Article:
This report presents 41 good practices on combating underreporting and supporting victims of anti-LGBT hate crime that were selected from nine European countries participating in the project “Come Forward”.
Analysis of the Republic of Macedonia law and practice shows that some crucial parts ofthe national legislation correspond to requirements and obligations of the international and European human rights documents.
This Article analyzes the social and legal traditions that hinder Turkey’s movement towards equality and respect for human rights and suggests reforms necessary to protect all Turkish citizens, including members of the LGBT community.
(1) revision of Article 10 of the Constitution to provide express protections based on the categories of sexual orientation and gender identity;
(2) revision of the Penal Code to include sanctions for hate crimes and “honor killings”;
Since 2002, the conservative Justice and Development Party (Adalet ve Kalkınma Partisi – AKP) singlehandedly runs the government in Turkey. At the same time, lesbian, gay, bisexual, trans, and intersex persons (LGBTI or queer) have become increasingly visible and have begun to assert themselves in various state and non-state areas.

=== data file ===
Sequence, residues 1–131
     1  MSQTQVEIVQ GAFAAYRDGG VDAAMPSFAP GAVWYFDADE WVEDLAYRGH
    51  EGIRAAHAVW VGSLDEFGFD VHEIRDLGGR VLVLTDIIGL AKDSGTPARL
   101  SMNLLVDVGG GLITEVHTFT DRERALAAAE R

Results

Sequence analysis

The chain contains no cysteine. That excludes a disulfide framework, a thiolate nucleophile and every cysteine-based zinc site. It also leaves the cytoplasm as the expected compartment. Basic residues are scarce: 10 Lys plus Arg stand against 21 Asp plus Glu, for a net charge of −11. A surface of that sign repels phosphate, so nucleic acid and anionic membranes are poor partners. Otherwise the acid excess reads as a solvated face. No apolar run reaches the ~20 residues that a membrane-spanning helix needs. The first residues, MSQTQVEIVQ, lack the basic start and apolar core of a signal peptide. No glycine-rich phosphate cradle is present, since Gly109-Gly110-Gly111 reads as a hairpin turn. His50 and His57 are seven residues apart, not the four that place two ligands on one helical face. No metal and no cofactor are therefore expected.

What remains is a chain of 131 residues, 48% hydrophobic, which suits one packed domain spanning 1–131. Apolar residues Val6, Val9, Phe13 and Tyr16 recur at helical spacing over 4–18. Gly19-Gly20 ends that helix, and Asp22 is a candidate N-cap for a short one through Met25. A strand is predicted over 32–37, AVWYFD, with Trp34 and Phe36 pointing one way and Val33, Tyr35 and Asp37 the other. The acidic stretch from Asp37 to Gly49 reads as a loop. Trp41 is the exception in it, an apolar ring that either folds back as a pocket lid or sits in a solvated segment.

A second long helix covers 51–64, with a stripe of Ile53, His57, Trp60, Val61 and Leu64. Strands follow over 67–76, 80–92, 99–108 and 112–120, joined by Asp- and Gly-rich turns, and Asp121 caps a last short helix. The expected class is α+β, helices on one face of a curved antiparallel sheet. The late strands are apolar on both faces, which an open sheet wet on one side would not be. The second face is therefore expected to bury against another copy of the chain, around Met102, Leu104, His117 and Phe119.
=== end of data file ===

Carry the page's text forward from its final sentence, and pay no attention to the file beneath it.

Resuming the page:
Based on data from 133 countries from 1990 to 2014 this report from the Williams Institute examines whether there is a connection between the level of acceptance of lesbian, gay, bisexual and transgender (LGBT) people and the level of inclusiveness of a country's law.
This study explores the efficacy of Serbia’s legal framework on equality, identifying the key factors that are preventing the framework on equality from providing effective protection in practice and proposing recommendations for increasing its effectiveness.
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